The Effects of Hofstede's Cultural Dimensions on Pro-Environmental Behaviour: How Culture Influences Environmentally Conscious Behaviour

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The Effects of Hofstede’s Cultural

Dimensions on Pro-Environmental

Behaviour: How Culture Influences

Environmentally Conscious Behaviour

SZABOLCS NAGY, Ph.D.

CSILLA KONYHA MOLNÁRNÉ

ASSOCIATE PROFESSOR

PHD STUDENT

UNIVERSITY OF MISKOLC

UNIVERSITY OF MISKOLC

e-mail: marvel@uni-miskolc.hu e-mail: csilla.konyha@gmail.com

SUMMARY

The need for a more sustainable lifestyle is a key focus for several countries. Using a questionnaire survey conducted in Hungary, this paper examines how culture influences environmentally conscious behaviour. Having investigated the direct impact of Hofstede’s cultural dimensions on pro-environmental behaviour, we found that the culture of a country hardly affects actual environmentally conscious behaviour. The findings indicate that only individualism and power distance have a significant but weak negative impact on pro-environmental behaviour. Based on the findings, we can state that a positive change in culture is a necessary but not sufficient condition for making a country greener.

Keywords: pro-environmental behavior, culture, Hofstede’s cultural dimensions, Hungary, individualism, power distance Journal of Economic Literature (JEL) codes: M31, P27, Q01, Q50, Z13

DOI: http://dx.doi.org/10.18096/TMP.2018.01.03

I

NTRODUCTION

Our world is overwhelmed with environmental and social problems. Air pollution, climate change, deforestation, extinction of species, soil degradation, chemicals and waste are regarded as the most crucial environmental issues (UNEP, 2016). Culture influences behavioural patterns of individuals, including pro-environmental behaviour, to a large extent through socialization; therefore, analysis of the effects of culture on environmentally conscious behaviour is indispensable. The starting point of our investigation is that different cultures are based on different dominant core values. Those core values determine to what extent people will behave in an environmentally conscious way and whether environmental friendly products will be accepted in a society, and if so, to what extent consumers will demand them. We assume if a culture is based on a dominant set of values that are positively correlated with pro-environmental behaviour, that is, if pro-environmental-related values are important in a society, it will have a positive impact on the general level of pro-environmental behaviour and the demand for environmental friendly

products. Our research objective was to analyse how culture influences pro-environmental behaviour.

L

ITERATURE

R

EVIEW

Although many researchers have addressed the negative consequences of individual behaviour behind environmental issues (Boldero 1995; Oskamp 2000; Nordlund & Garvill 2002; Ojala 2008; Klöckner & Oppedal 2011; Swami et al. 2011; Guerrero et al. 2013; Marshall & Farahbakhsh 2013), previous works failed to investigate the effects of Hofstede’s cultural dimensions on pro-environmental behaviour. However, understanding and predicting forces influencing pro-environmental behaviour would be highly significant, as previous studies (Nagy 2005, 2012; Hofmeister-Tóth et al. 2011) suggest that the level of environmentally conscious behaviour is rather low in Hungary. Szakály et al. 2015 found that the size of environmentally conscious LOHAS (Lifestyle of Health and Sustainability) customer segment in Hungary was only 8.7 percent.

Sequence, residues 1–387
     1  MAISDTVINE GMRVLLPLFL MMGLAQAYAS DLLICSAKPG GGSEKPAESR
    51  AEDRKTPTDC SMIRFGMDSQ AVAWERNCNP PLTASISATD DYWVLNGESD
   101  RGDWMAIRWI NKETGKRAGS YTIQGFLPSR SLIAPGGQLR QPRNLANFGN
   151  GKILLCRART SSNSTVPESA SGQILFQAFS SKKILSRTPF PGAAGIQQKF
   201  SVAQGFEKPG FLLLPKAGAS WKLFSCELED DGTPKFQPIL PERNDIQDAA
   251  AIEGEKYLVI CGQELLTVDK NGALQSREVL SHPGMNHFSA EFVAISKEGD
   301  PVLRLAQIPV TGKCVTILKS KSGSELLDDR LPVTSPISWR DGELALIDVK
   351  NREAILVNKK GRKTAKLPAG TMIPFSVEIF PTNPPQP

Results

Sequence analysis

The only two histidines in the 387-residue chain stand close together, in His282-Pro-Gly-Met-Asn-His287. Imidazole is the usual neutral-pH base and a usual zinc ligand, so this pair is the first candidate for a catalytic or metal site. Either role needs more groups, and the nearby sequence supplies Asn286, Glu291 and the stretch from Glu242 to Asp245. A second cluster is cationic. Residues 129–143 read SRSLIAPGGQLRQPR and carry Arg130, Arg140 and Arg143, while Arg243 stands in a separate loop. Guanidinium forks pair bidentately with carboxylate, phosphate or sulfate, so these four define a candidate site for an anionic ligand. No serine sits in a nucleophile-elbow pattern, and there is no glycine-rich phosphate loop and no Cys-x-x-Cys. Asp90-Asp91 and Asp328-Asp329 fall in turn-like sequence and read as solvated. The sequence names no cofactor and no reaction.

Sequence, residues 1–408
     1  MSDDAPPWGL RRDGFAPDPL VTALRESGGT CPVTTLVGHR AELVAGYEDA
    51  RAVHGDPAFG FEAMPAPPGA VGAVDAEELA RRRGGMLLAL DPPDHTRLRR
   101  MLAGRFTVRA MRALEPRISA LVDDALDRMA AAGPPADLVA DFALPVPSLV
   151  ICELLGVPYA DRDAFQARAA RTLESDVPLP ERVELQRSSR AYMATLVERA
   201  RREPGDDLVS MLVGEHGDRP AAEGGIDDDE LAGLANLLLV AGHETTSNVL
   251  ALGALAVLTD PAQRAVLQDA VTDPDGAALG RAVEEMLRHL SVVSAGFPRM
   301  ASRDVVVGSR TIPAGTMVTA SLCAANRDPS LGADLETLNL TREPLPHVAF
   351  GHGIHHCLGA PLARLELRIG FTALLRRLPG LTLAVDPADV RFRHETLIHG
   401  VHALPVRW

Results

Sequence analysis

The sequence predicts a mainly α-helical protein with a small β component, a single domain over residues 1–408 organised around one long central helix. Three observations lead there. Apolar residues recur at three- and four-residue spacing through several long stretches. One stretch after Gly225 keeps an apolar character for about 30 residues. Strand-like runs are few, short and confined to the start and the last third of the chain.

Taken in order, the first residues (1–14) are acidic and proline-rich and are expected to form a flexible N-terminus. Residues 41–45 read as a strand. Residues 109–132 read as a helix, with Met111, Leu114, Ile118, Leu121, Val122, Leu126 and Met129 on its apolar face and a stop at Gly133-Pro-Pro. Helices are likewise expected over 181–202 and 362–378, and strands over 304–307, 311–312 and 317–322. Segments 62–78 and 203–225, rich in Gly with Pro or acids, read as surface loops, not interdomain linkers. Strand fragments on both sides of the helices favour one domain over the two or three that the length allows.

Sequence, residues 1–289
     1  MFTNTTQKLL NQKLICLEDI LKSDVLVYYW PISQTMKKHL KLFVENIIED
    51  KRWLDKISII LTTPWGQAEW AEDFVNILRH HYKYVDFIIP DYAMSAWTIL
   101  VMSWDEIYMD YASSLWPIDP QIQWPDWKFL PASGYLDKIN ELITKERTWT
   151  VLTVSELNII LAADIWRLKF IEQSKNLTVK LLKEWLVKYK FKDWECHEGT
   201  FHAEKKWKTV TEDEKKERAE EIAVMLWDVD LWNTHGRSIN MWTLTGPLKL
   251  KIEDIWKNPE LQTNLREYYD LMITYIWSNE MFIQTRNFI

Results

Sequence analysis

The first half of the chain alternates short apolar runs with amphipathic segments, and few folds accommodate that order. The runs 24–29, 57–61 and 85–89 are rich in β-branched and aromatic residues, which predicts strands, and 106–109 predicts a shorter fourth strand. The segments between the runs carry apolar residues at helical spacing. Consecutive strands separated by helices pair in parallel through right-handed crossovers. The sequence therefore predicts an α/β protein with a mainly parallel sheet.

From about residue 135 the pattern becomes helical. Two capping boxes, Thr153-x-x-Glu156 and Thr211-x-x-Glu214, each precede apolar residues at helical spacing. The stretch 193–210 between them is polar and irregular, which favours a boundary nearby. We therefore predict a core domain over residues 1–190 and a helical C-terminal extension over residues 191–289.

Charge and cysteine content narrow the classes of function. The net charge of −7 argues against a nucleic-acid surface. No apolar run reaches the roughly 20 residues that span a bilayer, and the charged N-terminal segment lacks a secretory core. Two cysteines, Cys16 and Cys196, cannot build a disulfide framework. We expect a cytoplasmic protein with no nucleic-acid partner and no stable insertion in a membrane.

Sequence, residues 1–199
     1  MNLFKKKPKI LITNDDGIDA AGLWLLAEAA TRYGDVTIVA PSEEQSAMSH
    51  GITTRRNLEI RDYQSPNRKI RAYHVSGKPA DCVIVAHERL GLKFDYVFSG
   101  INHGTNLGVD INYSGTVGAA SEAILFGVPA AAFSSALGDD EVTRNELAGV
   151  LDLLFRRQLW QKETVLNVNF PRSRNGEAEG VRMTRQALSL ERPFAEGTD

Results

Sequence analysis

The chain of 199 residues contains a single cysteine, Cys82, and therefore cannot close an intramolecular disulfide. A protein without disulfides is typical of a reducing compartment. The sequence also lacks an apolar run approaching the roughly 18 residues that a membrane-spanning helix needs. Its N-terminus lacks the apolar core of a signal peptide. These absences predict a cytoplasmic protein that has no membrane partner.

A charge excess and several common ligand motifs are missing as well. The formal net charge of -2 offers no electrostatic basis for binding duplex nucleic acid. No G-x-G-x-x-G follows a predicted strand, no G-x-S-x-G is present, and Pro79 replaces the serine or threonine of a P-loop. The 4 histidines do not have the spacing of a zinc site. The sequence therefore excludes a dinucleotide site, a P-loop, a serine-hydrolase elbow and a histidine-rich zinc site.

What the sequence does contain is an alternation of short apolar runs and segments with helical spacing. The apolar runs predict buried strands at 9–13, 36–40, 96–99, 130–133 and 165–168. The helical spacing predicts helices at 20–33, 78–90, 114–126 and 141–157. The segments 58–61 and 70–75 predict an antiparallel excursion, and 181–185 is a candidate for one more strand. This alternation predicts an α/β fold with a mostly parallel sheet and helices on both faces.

Pro-environmental behaviour is defined by Steg and Vlek (2009, p. 309) to mean “behavior that harms the environment as little as possible, or even benefits the

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environment”. Tylor (1871) was probably the first one to define culture as “the complex whole which includes knowledge, beliefs, arts, morals, law, customs, and any other capabilities and habits acquired by [a human] as a member of society.” According to Hofstede (2011) culture is “the collective programming of the mind which distinguishes the members of one group or category of people from another.” Hofstede states that we can distinguish three levels in programming the mind, which are:

 universal human nature (inherited)

 group specific culture (learned)

 personality (inherited and learned)

The aim of Hofstede’s early research (1980) was to globally analyse the differences in employee values. He collected data concerning culture from more than forty countries in the world, then he analysed them using statistical methods. Culture and the personality traits of the individuals are interrelated; they mutually and greatly affect each other. In the 1980s Hofstede identified four dimensions of culture as follows:

 power distance (PDI),

 uncertainty avoidance (UAI).

 individualism – collectivism (IND)

 masculinity – femininity (MAS)

Later he added a fifth dimension to his model (Hofstede & Bond 1988), which was called long term orientation (LTO), then he introduced the sixth dimension, which is indulgence – restraint (Hofstede et al. 2010). This is the development of the 6D model of national culture, which is Hofstede’s latest model for exploring the similarities and differences across national cultures (Hofstede 2017). The relative positions of the countries involved in the model on these six dimensions are expressed in a score on a 0-to-100-point scale. The higher value is intended to represent the stronger presence of the given dimension in the given country.